} while ( x != 0 );

return 0;

}

Functions in C++

A function is a block of statements which is used to perform a task. Any C++ program has at least one function which is main().  When you have a piece of code that is often repeated you should put it into a function and call that function instead of repeating the code.

Function Definition

You define a function in similar way as you define the main function. First put return type then the function name and function parameters in brackets. The function code goes between curly brackets.

returnType functionName( parameters ) {

statement(s);

}

Example

void PrintHello()
{

cout << “Hello\n”;

}

Calling a Function

Once you have created the function you can call it from the main program. Here is an example of how to call the PrintHello function.

void PrintHello()
{

cout << “Hello\n”;

}

void main()
{

PrintHello();

}

Local and Global Variables

If you declare a variable inside a function it is only accessible by that function and is called a local variable. If you declare a variable outside of all functions it is accessible by any function and is called a global variable.

Example

int g; // Global variable

void MyFunction()
{

int l; // Local variable
l = 5;
g = 7;

}

void main()
{

g = 3;

}

Function Arguments

The arguments are used to pass values to a function. Arguments goes between the brackets after the function name. You must choose the datatype of all parameters. Here is a function that receives a number as a parameter and then prints it.

void PrintNumber(int n, int m)
{

cout << n << m;

}

void main()
{

PrintNumber(5, 6);

}

Passing Parameters by Reference

You can either pass a parameter by reference or by value. The default is by value which means that a copy of the variable is made for that function. If you use a * in front of the parameter then you will be passing only a pointer to that variable instead of making another copy of it.

void PrintNumber(int *n)
{

cout << *n;

}

void main()
{

int i = 5;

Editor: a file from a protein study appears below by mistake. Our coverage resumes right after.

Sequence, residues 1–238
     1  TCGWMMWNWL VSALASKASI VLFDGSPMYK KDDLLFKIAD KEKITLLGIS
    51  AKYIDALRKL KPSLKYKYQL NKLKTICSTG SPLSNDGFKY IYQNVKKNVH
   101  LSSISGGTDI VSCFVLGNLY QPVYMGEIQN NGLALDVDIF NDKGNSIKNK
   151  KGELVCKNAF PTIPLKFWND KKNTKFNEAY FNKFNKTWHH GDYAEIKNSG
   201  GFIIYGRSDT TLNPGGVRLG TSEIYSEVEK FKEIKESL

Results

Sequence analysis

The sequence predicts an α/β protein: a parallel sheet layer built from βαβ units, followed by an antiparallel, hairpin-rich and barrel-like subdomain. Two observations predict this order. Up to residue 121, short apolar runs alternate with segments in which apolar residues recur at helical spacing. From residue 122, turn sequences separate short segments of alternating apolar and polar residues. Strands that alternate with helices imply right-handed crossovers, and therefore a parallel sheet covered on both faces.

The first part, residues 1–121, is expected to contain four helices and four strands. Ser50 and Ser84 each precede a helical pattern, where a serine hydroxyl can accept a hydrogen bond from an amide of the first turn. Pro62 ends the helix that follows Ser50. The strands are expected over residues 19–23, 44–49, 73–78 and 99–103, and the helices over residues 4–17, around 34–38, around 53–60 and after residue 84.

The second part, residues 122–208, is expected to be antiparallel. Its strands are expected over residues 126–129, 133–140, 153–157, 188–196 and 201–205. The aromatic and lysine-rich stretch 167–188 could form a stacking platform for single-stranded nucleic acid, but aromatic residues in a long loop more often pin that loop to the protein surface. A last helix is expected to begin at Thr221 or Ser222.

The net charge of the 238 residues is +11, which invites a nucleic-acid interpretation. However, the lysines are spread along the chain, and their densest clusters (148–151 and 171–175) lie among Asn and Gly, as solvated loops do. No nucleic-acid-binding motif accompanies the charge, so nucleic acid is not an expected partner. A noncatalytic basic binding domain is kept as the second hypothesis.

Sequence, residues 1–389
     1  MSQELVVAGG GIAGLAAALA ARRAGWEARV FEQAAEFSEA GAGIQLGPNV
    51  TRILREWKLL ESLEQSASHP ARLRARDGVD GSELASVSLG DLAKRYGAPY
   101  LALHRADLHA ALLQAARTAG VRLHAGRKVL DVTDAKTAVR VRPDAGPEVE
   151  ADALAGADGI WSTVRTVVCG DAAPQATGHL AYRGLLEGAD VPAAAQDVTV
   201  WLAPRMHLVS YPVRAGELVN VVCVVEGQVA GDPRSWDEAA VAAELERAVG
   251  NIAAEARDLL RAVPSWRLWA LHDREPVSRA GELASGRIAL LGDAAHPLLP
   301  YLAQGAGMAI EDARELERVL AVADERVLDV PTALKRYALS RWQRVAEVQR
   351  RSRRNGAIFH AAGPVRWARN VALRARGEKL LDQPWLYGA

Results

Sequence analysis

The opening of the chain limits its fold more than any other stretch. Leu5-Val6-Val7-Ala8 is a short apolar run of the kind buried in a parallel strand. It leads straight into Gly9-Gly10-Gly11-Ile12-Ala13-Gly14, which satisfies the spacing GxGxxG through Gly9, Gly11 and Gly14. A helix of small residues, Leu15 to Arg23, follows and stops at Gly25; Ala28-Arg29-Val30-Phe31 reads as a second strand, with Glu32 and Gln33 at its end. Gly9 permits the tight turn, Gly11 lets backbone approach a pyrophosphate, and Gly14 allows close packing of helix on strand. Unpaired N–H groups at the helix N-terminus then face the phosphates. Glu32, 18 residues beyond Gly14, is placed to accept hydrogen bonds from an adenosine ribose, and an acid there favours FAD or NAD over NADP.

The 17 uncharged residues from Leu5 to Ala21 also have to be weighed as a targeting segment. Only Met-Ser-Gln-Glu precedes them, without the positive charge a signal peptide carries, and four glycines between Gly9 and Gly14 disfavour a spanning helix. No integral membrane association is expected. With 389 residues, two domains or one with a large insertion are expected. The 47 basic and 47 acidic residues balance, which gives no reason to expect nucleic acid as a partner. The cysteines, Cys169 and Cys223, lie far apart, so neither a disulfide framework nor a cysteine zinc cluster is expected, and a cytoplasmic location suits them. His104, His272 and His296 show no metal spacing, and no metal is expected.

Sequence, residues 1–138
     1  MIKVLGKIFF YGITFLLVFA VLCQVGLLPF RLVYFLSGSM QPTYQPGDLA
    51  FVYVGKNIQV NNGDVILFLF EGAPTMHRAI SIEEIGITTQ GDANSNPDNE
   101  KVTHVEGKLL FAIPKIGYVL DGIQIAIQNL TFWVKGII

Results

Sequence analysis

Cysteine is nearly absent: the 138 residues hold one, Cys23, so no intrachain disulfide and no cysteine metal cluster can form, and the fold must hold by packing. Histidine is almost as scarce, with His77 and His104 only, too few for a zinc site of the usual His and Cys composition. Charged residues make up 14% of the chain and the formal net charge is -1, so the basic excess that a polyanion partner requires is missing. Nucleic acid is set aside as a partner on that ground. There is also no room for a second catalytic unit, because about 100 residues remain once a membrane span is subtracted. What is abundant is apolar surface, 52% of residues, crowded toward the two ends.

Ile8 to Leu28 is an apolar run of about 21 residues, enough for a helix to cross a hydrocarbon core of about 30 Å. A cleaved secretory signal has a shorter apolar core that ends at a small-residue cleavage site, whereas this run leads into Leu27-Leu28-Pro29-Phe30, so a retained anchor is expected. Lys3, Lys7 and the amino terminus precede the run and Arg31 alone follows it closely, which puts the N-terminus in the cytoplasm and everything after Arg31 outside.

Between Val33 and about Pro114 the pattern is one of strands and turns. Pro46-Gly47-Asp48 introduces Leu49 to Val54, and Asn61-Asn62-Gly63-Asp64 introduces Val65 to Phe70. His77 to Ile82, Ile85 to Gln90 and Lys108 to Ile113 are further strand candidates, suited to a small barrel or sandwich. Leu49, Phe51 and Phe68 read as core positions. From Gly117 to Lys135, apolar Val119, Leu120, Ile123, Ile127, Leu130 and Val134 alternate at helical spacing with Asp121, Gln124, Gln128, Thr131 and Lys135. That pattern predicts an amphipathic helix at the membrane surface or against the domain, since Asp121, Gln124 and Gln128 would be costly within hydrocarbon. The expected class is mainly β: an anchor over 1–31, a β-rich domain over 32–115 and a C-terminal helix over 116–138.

PrintNumber(&i);

}

Returning Values

A function can return a value that you can store in a variable. We have been using void in the place of the return variable until now. Here is an example of how to return the number 5 from a function and store it in a variable.

int GetNumber()
{

return 5;

}

void main()
{

int i = GetNumber();

}

Pointers in C++

A pointer is a variable that holds a memory address. It is called a pointer because it points to the value at the address that it stores.

Pointers in C++

If you want to declare a pointer variable in c++ you must first choose what data type it will point to such as an int or a char. You then declare it as if you were declaring a variable in the normal way and then put a * in front of its name to show that it is a pointer. Here is an example of how to declare a pointer to an integer.

int *pi;

You can store the address of another variable in a pointer using the & operator. See the below example of how to store the address of a variable called i in the pointer called pi.

int i;
int *pi;
pi = &i;

You must dereference a pointer to get the value at the memory location that the pointer points to. You use the * operator to dereference a pointer. Here is an example of how we first set the value of i to 5 and then set its value to 7 by dereferencing the pointer.

int i = 5;
int *pi;
pi = &i;
*pi = 7;
cout << i;

new & delete operators

The new operator is used to allocate memory that is the size of a certain data type. It returns a pointer to the address of the newly allocated memory. Here is an example of how to allocate memory for an integer and then set its value to 5.

int *pi;
pi = new int;
*pi = 5;

The delete operator deallocates memory. You need to deallocate the memory for all the memory that you have previously allocated before exiting the program or else you will have memory leaks.

int *pi;
pi = new int;
*pi = 5;
delete pi;

Typed and untyped pointers

We have been using typed pointers so far because they point to a specific data type. An untyped pointer can point to anything. You declare an untyped pointer as the data type void.
void *up;

malloc() and free() functions

The malloc command allocates a certain number of bytes and returns a pointer to the first byte. You must use the free command to deallocate the memory that was allocated with malloc. To be able to use malloc and free you must include the malloc header file. Here is an example that allocates 100 bytes of memory and stores the address of it in the pointer called up and then deallocates the memory.

void *up;
up = malloc(100);
free(up);